The wire spool table
The table was made out of an old wire spool. We cut the top off, pulled the slats out and made a triangular base from heavy maple. I don’t know how many yards of wire the spool held, but it must have been a lot, because we could fit the eight of us around the table with room to spare for the flying fists and sprawling elbows that marked every meal.
Like most things in our home, there was an artistry and idiocy about the manufacturing of the table. For one, the spool top had a big hole in the middle. For another, the spool was made of soft pine, with wide gaps where the pine panels met, and pock marks, staple stabs and divots from its working days. My dad’s solution was to cut maple inlays, fit them in the grooves and paste everything over with big gobs of plastic wood and wood glue. The effect was a little like an early mosaic, minus the holy image, the flecks of semi-precious stone and the overall artistic intent. We slathered a glossy finish on top.
The fact that we never came up with a solution for the hole in the middle of the table should have been a sign that the rest of our constructive design wasn’t durable. In the first winter, when the wood dried out, the gaps widened and the mixture of wood inlay, wood glue and plastic wood came loose and spilled out onto the floor in grainy clusters, the wire spool expressed its essential nature, trapping all manners of gunk and food crud and liquid residue in the deep cracks.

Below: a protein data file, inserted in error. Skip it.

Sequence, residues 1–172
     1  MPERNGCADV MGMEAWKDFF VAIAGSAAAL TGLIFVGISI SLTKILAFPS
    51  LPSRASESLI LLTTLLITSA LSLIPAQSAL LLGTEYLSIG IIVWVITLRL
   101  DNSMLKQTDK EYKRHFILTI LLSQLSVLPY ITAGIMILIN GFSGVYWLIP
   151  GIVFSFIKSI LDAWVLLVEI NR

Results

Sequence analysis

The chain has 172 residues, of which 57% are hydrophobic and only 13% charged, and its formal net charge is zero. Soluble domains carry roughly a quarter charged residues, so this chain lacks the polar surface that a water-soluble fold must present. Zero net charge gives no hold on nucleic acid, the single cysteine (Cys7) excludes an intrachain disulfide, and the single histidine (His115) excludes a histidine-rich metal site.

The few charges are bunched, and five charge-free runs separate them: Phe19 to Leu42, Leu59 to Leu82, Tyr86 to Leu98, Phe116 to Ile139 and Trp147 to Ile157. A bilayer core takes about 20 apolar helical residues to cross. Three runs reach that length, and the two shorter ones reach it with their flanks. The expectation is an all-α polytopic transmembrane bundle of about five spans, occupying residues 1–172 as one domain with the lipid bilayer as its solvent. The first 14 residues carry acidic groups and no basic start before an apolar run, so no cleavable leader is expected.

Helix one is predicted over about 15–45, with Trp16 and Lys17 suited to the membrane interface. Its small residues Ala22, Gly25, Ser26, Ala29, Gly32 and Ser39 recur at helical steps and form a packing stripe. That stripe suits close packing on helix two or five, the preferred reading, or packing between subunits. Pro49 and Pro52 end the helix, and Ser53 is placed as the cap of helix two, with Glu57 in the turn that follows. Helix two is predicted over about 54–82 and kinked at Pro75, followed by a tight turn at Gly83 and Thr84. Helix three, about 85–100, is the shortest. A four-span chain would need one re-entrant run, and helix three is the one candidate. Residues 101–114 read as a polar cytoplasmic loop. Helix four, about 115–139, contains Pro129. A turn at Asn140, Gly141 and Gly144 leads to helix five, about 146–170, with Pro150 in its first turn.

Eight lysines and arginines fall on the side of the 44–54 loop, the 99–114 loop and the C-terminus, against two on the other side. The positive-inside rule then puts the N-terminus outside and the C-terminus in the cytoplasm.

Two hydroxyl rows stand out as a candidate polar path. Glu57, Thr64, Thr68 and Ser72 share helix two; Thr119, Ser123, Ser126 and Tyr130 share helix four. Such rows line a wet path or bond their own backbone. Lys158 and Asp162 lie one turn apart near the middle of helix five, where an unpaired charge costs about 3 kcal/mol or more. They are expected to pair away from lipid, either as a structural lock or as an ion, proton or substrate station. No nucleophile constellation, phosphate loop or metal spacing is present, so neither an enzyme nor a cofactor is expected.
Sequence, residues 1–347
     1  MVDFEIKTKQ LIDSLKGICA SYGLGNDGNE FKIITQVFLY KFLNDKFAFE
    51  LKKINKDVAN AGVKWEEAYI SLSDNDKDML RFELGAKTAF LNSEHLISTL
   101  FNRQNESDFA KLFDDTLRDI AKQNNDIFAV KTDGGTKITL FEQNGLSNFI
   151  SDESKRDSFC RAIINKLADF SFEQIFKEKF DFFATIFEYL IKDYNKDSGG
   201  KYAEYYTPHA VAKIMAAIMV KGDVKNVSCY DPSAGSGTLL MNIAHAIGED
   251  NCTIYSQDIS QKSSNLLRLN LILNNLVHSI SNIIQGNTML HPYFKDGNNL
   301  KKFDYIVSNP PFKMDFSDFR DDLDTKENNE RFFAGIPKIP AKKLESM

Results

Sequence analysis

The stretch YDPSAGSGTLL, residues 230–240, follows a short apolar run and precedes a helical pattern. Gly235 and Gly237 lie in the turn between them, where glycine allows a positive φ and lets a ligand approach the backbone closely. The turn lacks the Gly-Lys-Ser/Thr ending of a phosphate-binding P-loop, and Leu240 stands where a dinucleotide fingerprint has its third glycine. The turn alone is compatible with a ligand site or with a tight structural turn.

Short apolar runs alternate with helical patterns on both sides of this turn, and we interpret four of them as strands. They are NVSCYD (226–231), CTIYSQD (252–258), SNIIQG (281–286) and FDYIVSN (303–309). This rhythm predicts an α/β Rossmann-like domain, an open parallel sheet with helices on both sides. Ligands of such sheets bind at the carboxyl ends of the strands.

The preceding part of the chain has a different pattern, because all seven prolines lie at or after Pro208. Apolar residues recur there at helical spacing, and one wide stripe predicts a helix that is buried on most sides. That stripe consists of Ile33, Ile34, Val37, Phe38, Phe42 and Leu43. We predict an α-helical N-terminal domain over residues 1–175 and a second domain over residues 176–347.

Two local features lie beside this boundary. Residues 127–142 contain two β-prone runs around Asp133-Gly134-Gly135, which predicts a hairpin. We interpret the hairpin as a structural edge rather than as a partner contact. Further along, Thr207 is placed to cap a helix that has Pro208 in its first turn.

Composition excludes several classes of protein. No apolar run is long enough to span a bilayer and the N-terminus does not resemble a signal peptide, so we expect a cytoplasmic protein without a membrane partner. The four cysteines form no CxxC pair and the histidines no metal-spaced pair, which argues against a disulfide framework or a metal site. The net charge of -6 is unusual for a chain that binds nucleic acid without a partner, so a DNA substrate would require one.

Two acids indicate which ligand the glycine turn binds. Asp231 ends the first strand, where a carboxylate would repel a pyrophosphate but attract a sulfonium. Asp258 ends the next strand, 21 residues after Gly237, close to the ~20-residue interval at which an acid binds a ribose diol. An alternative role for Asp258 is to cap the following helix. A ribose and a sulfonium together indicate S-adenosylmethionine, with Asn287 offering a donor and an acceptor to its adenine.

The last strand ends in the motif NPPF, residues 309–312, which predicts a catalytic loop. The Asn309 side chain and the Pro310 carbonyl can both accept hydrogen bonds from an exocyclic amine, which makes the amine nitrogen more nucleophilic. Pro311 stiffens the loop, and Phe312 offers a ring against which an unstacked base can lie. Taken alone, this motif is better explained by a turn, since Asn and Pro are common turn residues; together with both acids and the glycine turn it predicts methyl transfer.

My father would sit at the table with a dinner knife and excavate the residue that got caught in the cracks. It didn’t matter who was there: visiting priests, family, students, guests, old friends, artists who were at my mom’s life drawing class. There my dad would sit, digging away at the gunk, rolling bits between his finger and stacking them in little piles beside him. They looked like miniature cannonballs in a grade school diorama.
In the morning with the milk jug beside my bowl, I’d eat my cereal and peer in the cracks. The table had begun to splinter. We wouldn’t get another. I promised myself I wouldn’t dig at the gunk. Then I’d take the end of my spoon and pull it along the thread of the crack. The clean wood underneath, glimpsed for a moment, was an irresistable lure.